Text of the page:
In a pronouncement of considerable significance that could check the judiciary’s overstepping into legislative and governmental functioning, the Supreme Courthas said the question of fixing the poverty line was in the domain of expert bodies like the Planning Commisionand the judiciary could not engage itself in setting the nation’s economic policies.
“This should be left to expert bodies. Reviewing the poverty line is very difficult. We can’t be setting economic policy,” the court said last week in the course of a hearing.
The apex court bench of Justice T.S. Thakur and Justice Fakkir Mohamed Ibrahim Kalifulla said this when senior counsel Colin Gonsalves appearing for People’s Union for Civil Liberties (PUCL) invited the court’s attention to the low fixation of the poverty line norm at Rs 32 per day, an issue that has led to considerable debate in the country.
As Gonsalves pleaded the government could not shy away from its responsibilities, particularly towards the vulnerable section of society, the court said the petitioner should come with suggestions that could be entertained without stepping into the domain of governmental functioning.
Shrugging off Gonsalves’s plea, Justice Thakur said: “Where is it written in the constitution that food subsidy should be given?”
In contrast, the earlier bench of Justice Bhandari and Justice Dipak Verma had put the government in the dock and compelled it to revise its below poverty line (BPL) norms of Rs.32 for urban areas and Rs.26 for rural areas. It even asked the Planning Commission to spell out the basis on which it had fixed Rs.32 and Rs.26 as the poverty norms in urban and rural areas.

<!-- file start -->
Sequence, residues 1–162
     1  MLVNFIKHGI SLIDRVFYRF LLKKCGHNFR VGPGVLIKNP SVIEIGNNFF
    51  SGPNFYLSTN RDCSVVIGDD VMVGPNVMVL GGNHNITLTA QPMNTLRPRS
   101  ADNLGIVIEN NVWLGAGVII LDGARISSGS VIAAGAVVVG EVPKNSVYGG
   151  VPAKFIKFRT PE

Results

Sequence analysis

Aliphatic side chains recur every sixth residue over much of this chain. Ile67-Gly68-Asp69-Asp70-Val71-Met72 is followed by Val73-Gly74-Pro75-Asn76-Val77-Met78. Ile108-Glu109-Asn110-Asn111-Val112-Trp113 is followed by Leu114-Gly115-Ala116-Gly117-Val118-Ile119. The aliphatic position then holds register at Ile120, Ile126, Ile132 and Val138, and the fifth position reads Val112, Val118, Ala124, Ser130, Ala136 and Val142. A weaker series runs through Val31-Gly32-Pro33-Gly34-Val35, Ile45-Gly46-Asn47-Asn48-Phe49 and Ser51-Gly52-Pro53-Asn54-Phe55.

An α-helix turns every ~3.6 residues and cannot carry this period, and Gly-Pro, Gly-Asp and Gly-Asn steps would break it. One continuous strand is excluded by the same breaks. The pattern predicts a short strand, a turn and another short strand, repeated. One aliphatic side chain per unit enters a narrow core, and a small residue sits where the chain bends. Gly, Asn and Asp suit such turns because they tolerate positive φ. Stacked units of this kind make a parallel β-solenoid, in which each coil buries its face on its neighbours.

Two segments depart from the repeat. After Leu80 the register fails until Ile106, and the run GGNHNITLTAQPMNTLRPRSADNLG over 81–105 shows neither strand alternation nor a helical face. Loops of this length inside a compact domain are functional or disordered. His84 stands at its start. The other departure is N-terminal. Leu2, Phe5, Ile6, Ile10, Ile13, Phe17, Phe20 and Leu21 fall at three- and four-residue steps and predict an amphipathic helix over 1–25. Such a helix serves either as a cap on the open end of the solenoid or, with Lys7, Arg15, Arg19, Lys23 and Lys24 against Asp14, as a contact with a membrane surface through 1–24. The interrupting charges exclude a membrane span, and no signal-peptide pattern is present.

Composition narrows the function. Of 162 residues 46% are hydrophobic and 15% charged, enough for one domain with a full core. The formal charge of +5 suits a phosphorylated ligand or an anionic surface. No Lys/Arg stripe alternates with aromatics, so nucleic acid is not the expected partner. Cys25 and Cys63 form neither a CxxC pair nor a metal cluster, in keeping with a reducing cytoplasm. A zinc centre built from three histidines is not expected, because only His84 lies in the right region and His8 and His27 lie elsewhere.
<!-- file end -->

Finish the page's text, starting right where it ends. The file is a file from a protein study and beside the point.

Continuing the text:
It is not just that the court appears to be less than enthusiastic; it appears to be seeking to shrink its monitoring of welfare schemes.
The court made it clear that it was not going to overstep the statutory regimes governing the food subsidy scheme for people living below the poverty line.
The court said monitoring of the public distribution system (PDS) by it had to come to an end.
“It is going on for six years and it could go on for another 26 years,” Justice Thakur said.
He said the court would pass the orders and if they were not complied with, then the court could be moved for necessary remedies.
“Once we direct and if they don’t follow then you can move the court. It can be before the Supreme Court or the high courts as well.”
Apparently, a change in the approach could be read into the restraint that Chief Justice S.H. Kapadia has asked the judges to exercise before stepping into the territory of the government and the legislature.
Chief Justice Kapadia spoke of judicial restraint during his address at a function on Independence Day and also later on.